Russian-German National Arrested for Illegally Exporting Sensitive U.S. Microelectronics to Russia with Military Applications

Arthur Petrov, a 33-year-old dual Russian-German citizen residing in Russia and Cyprus, was arrested on August 26 in the Republic of Cyprus at the request of the United States. He faces charges of export control violations, smuggling, wire fraud, and money laundering offenses related to his alleged involvement in an ongoing scheme to procure sensitive U.S.-sourced microelectronics with military applications for a Russia-based supplier serving the Russian military.

Assistant Attorney General Matthew G. Olsen of the Justice Department’s National Security Division stated, “Arthur Petrov conspired to smuggle U.S. microelectronics technology with military applications to Russia, the type of components used by the Russian military in its unjust invasion of Ukraine.”

Assistant Secretary of Commerce for Export Enforcement Matthew S. Axelrod added, “Efforts to illicitly supply Russia with U.S.-sourced military technology represent an affront to national security and will continue to be met with criminal prosecutions by this office.”

Petrov, along with two co-conspirators, operated an illicit procurement network that fraudulently acquired large quantities of microelectronics subject to U.S. export controls on behalf of the Russia-based supplier, LLC Electrocom VPK (Electrocom), which provides critical electronics components to manufacturers supplying weaponry and equipment to the Russian military.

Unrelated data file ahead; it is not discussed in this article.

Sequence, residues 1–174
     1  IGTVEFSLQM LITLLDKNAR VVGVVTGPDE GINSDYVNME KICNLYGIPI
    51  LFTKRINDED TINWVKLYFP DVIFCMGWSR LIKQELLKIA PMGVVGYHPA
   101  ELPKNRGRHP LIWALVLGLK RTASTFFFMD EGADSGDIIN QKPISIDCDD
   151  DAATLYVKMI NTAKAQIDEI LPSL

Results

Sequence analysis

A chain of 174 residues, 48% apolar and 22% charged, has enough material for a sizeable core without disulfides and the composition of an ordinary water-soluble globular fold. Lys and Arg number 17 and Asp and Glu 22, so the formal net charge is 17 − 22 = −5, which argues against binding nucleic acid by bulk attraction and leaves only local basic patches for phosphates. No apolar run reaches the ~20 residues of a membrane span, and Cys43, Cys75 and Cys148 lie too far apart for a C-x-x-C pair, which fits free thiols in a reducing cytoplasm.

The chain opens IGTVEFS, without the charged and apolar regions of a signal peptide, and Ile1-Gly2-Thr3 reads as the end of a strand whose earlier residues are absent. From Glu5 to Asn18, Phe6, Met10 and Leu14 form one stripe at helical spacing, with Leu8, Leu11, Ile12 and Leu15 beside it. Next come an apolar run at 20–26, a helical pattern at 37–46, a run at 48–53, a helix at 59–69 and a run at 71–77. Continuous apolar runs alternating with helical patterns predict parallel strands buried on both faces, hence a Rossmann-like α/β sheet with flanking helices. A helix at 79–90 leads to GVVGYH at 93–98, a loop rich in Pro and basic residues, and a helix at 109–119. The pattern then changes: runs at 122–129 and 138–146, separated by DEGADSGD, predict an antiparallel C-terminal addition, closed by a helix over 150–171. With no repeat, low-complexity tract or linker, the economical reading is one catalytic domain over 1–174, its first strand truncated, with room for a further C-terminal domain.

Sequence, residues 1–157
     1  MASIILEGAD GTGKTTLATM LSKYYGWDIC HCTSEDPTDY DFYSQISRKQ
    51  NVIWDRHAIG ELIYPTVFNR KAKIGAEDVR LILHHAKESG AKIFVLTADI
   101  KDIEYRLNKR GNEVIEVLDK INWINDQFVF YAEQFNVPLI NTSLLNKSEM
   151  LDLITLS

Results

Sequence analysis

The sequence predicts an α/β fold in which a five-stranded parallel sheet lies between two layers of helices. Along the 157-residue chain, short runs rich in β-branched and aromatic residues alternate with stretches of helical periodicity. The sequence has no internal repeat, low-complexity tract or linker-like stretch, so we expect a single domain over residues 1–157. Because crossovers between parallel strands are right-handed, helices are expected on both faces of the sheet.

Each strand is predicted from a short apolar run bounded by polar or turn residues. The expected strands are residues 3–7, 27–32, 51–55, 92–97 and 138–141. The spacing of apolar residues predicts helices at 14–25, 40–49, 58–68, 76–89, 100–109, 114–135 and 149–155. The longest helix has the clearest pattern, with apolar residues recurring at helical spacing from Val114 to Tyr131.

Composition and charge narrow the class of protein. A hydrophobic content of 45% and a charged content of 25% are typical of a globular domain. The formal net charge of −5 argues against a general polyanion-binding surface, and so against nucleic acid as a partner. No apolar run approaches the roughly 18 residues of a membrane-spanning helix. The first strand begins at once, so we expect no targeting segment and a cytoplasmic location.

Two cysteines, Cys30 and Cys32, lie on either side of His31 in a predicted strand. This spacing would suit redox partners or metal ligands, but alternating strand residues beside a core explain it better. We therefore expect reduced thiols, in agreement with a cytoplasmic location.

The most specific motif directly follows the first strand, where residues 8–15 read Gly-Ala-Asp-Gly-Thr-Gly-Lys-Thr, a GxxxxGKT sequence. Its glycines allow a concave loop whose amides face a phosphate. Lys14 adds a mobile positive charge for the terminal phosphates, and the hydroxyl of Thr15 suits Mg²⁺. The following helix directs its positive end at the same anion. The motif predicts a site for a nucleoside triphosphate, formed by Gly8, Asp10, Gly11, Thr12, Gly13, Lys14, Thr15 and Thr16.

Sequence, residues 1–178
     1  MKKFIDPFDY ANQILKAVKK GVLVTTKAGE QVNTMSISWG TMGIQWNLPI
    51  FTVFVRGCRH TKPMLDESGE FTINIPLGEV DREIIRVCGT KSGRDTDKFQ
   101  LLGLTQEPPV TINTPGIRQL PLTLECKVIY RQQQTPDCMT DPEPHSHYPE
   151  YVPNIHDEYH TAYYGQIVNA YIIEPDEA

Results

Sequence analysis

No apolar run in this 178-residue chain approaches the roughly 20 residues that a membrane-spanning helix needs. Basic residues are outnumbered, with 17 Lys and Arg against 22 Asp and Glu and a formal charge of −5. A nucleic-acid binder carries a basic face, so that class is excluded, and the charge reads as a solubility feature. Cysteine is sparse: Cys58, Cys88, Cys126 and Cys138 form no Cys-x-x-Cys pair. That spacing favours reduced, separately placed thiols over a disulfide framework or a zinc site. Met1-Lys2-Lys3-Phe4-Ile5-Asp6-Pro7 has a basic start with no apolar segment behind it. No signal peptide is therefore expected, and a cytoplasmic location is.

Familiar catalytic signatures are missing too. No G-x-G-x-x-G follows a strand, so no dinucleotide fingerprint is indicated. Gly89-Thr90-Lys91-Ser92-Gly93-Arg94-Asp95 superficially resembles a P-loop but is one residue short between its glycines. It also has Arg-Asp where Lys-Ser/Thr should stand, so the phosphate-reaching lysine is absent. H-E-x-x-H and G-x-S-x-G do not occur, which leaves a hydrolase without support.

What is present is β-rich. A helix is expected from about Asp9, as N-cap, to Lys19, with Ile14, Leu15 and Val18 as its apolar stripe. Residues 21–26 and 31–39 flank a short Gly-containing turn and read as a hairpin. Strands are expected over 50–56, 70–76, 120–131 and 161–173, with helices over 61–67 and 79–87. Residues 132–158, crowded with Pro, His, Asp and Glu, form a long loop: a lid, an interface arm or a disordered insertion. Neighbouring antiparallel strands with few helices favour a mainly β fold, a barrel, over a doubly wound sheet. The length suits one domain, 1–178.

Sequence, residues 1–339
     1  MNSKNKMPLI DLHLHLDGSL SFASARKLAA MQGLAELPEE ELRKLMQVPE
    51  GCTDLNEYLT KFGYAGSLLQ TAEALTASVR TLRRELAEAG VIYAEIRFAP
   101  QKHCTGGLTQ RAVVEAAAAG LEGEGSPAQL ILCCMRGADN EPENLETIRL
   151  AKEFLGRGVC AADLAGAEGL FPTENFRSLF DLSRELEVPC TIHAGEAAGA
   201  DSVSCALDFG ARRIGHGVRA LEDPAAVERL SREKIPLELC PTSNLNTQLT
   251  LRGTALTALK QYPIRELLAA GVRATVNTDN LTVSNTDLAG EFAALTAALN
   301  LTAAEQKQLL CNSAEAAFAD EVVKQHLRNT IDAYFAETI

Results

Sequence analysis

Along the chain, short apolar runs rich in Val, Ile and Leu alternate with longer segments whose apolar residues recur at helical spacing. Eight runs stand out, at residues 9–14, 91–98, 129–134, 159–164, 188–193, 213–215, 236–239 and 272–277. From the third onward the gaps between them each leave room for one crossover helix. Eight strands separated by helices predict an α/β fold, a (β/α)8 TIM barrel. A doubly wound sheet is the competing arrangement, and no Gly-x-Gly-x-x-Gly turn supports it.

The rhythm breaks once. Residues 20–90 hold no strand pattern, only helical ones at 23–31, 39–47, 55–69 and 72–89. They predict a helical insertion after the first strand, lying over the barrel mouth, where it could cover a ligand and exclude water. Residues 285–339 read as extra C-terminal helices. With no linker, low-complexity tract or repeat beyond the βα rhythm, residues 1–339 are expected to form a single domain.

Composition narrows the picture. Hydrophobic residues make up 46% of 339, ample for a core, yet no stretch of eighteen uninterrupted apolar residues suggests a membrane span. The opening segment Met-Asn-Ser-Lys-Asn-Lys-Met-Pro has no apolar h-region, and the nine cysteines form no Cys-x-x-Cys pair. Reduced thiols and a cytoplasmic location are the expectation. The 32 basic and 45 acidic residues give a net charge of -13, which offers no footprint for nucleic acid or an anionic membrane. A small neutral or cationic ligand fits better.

The scheme involved Petrov using a Cyprus-based shell company, Astrafteros Technokosmos LTD (Astrafteros), to falsely represent the microelectronics as intended for fire security systems and other commercial purposes, while they were destined for Electrocom in Russia. These microelectronics, which included microcontrollers and integrated circuits, were on the Commerce Control List maintained by the Commerce Department and could not lawfully be exported to Russia without a license.

To avoid detection, Petrov and his co-conspirators used pass-through entities in third countries to transship the controlled items, ultimately sending them to Electrocom in Saint Petersburg, Russia. The defendants concealed their actions from U.S. distributors, procuring and shipping over $225,000 worth of controlled electronics components with military applications.

Petrov faces multiple charges, including conspiracy to defraud the United States, conspiracy to violate the Export Control Reform Act (ECRA), and various counts of violating the ECRA, smuggling goods from the United States, conspiracy to commit wire fraud, and conspiracy to commit money laundering. Sentencing will be determined by a federal district court judge.

The FBI and the Department of Commerce’s Bureau of Industry and Security led the investigation, with assistance from various offices and law enforcement agencies, including the FBI’s Legal Attaché offices in Poland, Germany, and Athens, Greece, the Justice Department’s National Security Division, and the Justice Department’s Office of International Affairs. The Republic of Cyprus National Police also played a crucial role in arresting and detaining the defendant at the request of the United States.

Today’s actions were coordinated through the Justice Department’s Task Force KleptoCapture and the Justice and Commerce Departments’ Disruptive Technology Strike Force, aimed at enforcing sanctions and export restrictions in response to Russia’s military invasion of Ukraine and preventing critical technology from being acquired by hostile nation-states.

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